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American Dance Machine: From 1978 World Premiere to Today

You may have heard of something called a musical revue but have you ever heard of a dance revue? In my work digitizing decades of slides, images, media footage, playbills and more from the Ford’s archives, I’ve come across a 1978 production of a dance revue called The American Dance Machine.

photo of seven cast members dancing in black-and-white striped pants and skirts, white blouses. The women dance with open white parisols.
The cast of the 1978 Ford’s Theatre production of American Dance Machine, conceived and directed by Lee Theodore. Photo by Earl Robbin.

The American Dance Machine was a theatrical dance production created by Lee Theodore as a greatest hits version of Broadway’s most outstanding theatrical choreography. The show itself was known as a “living archive” of Broadway theatre and aimed to preserve many dance and choreography styles. Theodore pushed for this project to become reality because dance cannot be easily documented and shared once a show ends. She carefully chose specific numbers that she felt were worthy of being highlighted in this new production.

American Dance Machine’s world premiere performance was during a special Tenth Anniversary television broadcast on NBC from Ford’s Theatre  on January 29, 1978. The full production officially opened at Ford’s Theatre on February 2, 1978 and continued to March 5, then ran again April 4-30. The show went on to a successful Broadway performance run and national tour. Today you can find an archive of the show at the Lincoln Center Library of the Performing Arts in New York City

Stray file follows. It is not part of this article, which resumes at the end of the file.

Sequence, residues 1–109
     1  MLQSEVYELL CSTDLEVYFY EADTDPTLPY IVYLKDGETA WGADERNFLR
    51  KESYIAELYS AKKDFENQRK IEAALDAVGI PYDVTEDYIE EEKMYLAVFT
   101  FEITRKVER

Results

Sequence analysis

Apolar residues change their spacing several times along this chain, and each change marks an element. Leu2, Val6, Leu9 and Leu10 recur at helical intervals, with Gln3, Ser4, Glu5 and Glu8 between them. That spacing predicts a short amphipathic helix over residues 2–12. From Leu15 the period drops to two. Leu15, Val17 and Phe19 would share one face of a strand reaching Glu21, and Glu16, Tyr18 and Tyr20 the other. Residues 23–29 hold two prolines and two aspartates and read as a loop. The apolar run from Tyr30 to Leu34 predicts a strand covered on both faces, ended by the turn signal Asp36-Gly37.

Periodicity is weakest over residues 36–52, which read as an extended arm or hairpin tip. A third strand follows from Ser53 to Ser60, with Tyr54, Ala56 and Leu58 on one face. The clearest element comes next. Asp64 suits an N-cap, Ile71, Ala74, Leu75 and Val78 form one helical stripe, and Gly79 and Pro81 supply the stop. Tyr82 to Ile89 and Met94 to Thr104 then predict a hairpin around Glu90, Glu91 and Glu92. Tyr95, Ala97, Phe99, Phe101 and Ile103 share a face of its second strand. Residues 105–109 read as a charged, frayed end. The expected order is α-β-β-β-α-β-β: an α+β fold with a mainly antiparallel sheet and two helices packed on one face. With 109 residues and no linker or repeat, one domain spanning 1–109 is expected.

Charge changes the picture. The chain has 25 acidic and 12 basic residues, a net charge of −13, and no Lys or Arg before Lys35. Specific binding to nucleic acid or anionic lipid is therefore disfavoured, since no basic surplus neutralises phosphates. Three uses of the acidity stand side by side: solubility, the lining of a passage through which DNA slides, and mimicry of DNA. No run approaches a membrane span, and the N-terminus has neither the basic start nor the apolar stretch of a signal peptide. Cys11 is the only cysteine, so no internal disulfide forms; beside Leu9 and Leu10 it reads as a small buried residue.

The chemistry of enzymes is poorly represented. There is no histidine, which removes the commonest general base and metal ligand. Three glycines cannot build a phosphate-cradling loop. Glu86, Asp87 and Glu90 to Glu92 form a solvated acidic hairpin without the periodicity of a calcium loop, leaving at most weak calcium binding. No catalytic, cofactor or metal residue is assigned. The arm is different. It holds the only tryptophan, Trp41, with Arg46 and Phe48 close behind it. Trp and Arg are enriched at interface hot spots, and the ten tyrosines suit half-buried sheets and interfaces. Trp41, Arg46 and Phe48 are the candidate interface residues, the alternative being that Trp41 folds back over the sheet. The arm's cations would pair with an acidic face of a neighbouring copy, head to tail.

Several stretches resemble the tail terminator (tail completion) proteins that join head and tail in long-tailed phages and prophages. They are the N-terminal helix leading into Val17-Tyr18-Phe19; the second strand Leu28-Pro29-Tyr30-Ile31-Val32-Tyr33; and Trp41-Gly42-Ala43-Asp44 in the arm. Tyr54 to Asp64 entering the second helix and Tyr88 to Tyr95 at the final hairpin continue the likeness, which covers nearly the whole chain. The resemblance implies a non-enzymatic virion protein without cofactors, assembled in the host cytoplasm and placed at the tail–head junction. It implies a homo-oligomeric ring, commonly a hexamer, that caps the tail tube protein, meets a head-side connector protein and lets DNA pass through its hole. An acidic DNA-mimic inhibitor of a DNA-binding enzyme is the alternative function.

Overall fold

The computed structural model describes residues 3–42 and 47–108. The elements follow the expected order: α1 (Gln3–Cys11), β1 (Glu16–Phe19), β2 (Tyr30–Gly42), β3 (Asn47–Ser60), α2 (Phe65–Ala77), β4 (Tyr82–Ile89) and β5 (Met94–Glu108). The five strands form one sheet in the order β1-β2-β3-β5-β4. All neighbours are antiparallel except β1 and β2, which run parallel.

The sad truth of many theatrical productions, especially in the time before Broadway productions added highlights to YouTube, is that the choreography is forgotten long before any dialogue or songs are forgotten. 

two male dancers in 1900s straw hats, white shirts with bow-tiess and dark trousers flank two female dancers in white blouses, black-and-white vertically striped A-line skirts. The women carry parisols. All are in the Ford's production of "American Dance Machine"
Swen Swenson, Janet Eilber,Lee Theodore, Barry Preston in the 1978 Ford’s Theatre production of American Dance Machine, conceived and directed by Lee Theodore. Photo by Earl Robbin.

The American Dance Machine was not an easy show to cast. Dancers had to prove that they were capable of dancing the show’s diverse material and also excel at singing and acting. The American Dance Machine gave audiences a taste of tap, jazz, ballet and other various dance styles. 

World Premiere at Ford’s Theatre (1978)

The Ford’s production featured numbers from the following shows: BrigadoonBubbling Brown Sugar Cabaret, Can-Can, Carousel, Destry Rides Again, George M, Half a Sixpence, Little MeNo No Nanette and The Unsinkable Molly Brown.

In referencing the Ford’s archive of show playbills, I discovered that our production featured Swen SwensonJanet Eilber, Barry Preston, Lee TheodoreHarold “stumpy” Cromer  and Bick Gross

The American Dance Machine Moving Forward

Throughout the years, The American Dance Machine has been performed anew with different numbers from multiple productions. The latest incarnation is American Dance Machine for the 21st Century, a dance company focused on musical theater dance, its preservation and presentation. The company explores classic and current musical theatre works and educates audiences as to why they are important.

eight men wearing monochrome turtlenecks and pants and black bowler hats dance on the Ford's Theatre stage.
Cast of the 1978 Ford’s Theatre production of American Dance Machine, conceived and directed by Lee Theodore. Photo by Earl Robbin.

When I came across The American Dance Machine in our archives, I was interested in knowing more because the photographs showcased such a diverse style of dance numbers. I was curious to know why one show had both ballet and jazz. The American Dance Machine is a treasure because it pulls together all types of dance to create a fun and exciting show, while also preserving the choreography for future generations. 

Emily Loomis is Communications and Marketing Intern. She can't wait to see what other bounty lives in the Ford's Theatre archives!